James Faria and Robert Wright of Monsanto Industries co-invented Astroturf. A patent for astroturf was filed for on December 25, 1965 and issued by the USPTO on July 25, 1967.
The Evolution of AstroturfDuring the 50s and 60s, the Ford Foundation was studying ways to improve the physical fitness of young people. At the same time, the Chemstrand Company, a subsidiary of Monsanto Industries, were developing new synthetic fibers for use as tough carpeting.
Chemstrand was encouraged to try to make the perfect urban sports surface for schools by the Ford Foundation. From 1962 to 1966, Chemstrand worked on creating new sports surfaces. The surfaces were tested for foot traction and cushioning, weather drainage, flammability and wear resistance.
ChemgrassIn 1964, the Creative Products Group installed a synthetic turf called Chemgrass at the Moses Brown School in Providence Rhode Island. This was the first large-scale installation of a synthetic turf. In 1965, Judge Roy Hofheinz built the AstroDome in Houston, Texas. Hofheinz consulted with Monsanto about replacing the natural grass with a new synthetic playing surface.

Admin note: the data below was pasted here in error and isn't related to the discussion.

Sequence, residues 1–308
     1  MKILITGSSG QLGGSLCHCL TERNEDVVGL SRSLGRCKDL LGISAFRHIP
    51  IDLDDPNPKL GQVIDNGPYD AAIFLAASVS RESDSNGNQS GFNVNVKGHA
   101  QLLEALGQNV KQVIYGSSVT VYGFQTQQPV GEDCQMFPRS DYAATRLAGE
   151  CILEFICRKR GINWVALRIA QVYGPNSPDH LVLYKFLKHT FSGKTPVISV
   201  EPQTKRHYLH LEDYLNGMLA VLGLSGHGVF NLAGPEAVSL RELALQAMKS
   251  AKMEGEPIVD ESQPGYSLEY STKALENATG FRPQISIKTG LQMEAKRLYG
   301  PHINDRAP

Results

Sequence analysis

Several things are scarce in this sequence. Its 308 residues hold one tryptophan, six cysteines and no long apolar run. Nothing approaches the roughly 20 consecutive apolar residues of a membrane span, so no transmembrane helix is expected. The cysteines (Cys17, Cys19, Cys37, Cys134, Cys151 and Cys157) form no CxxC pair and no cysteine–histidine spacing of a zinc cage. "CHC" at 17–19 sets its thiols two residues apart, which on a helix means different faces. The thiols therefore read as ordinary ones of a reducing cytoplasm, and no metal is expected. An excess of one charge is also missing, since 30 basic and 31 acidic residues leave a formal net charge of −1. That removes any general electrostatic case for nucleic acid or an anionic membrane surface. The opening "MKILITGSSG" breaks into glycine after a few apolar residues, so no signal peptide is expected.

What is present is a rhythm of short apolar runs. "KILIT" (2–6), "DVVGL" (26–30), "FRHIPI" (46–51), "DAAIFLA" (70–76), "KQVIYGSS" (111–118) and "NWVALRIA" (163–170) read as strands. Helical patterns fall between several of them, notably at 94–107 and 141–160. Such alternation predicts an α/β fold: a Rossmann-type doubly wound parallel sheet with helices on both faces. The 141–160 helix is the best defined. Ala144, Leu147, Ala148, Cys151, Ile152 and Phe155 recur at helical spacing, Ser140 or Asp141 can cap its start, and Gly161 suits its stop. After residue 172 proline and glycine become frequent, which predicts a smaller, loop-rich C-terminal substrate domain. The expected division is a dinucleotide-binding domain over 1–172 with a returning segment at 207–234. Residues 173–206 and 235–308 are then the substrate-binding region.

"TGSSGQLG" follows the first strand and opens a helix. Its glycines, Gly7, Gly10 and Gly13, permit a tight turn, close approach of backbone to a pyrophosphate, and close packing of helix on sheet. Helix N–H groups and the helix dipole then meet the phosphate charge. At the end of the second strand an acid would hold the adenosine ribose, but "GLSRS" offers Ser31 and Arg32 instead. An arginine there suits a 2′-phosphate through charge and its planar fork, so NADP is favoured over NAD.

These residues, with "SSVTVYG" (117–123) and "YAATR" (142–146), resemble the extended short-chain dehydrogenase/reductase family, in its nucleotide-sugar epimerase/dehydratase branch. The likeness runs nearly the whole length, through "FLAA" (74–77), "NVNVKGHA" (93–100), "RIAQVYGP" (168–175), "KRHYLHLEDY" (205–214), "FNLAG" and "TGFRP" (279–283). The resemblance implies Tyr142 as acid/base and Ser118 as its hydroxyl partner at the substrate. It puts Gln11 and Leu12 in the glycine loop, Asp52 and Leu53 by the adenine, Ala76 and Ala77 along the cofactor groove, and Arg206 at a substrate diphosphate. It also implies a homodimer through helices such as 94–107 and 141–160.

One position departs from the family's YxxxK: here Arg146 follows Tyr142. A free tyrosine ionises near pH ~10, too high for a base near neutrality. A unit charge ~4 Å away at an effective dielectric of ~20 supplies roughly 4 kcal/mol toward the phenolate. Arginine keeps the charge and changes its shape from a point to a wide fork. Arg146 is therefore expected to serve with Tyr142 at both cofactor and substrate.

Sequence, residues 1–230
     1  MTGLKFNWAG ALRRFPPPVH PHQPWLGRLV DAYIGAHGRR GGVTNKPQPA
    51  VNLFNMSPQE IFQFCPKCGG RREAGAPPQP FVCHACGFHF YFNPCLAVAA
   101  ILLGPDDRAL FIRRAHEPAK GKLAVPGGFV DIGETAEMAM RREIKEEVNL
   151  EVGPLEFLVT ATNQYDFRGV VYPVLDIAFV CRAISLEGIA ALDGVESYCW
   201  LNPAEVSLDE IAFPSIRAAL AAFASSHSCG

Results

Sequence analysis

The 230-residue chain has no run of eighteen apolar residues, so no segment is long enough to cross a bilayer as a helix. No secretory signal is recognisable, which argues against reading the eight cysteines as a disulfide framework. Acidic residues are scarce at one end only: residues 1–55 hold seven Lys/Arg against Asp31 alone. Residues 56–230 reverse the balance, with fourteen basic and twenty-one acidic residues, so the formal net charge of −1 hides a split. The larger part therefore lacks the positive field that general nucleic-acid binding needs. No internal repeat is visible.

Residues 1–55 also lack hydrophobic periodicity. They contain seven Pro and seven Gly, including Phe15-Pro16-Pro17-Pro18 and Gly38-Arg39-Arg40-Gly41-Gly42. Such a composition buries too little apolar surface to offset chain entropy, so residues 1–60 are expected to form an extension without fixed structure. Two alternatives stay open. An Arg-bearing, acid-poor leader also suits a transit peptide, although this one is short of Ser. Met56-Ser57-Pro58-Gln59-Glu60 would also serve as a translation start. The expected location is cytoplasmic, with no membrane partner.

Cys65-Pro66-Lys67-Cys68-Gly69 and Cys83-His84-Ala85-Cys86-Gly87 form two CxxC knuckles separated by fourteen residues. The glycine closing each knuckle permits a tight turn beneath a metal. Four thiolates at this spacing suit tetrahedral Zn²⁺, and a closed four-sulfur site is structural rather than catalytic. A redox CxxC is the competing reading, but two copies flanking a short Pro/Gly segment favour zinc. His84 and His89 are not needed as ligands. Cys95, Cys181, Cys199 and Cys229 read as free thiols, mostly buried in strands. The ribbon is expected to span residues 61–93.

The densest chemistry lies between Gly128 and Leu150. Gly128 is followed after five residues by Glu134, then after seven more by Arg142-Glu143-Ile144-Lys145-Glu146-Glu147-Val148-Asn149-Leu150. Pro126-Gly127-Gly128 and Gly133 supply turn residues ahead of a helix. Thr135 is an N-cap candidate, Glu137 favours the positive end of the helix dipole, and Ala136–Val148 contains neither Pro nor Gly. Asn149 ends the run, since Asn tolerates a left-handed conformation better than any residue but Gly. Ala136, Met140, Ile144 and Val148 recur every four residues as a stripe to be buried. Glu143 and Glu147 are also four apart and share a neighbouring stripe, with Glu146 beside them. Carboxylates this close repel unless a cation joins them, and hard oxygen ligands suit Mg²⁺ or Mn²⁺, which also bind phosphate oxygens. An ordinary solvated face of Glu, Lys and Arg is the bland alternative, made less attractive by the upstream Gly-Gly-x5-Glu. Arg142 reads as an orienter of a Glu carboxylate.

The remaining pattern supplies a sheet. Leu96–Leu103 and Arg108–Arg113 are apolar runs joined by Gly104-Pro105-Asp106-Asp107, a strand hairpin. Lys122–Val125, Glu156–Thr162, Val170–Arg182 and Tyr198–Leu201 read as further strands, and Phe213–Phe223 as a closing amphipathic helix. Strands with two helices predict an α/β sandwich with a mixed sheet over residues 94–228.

The First AstroturfIn 1966, the Houston Astros' baseball season begins on a Chemgrass surface now renamed Astroturf at the AstroDome. Supposedly it was renamed AstroTurf by one John A. Wortmann.
The same year, the Houston Oilers' AFL football season began on more than 125,000 square feet of removable Astroturf at the AstroDome. The next year, Indiana State University Stadium, in Terre Haute, Indiana became the first outdoor stadium installed with Astroturf.
Astroturf PatentedIn 1967, Astroturf was patented (U.S. patent #3332828 see photos right). The patent for a "monofilament ribbon file product" was issued to inventors Wright and Faria, of Monsanto Industries.
In 1986, Astroturf Industries, Inc. was formed and sold in 1994 to Southwest Recreational Industries.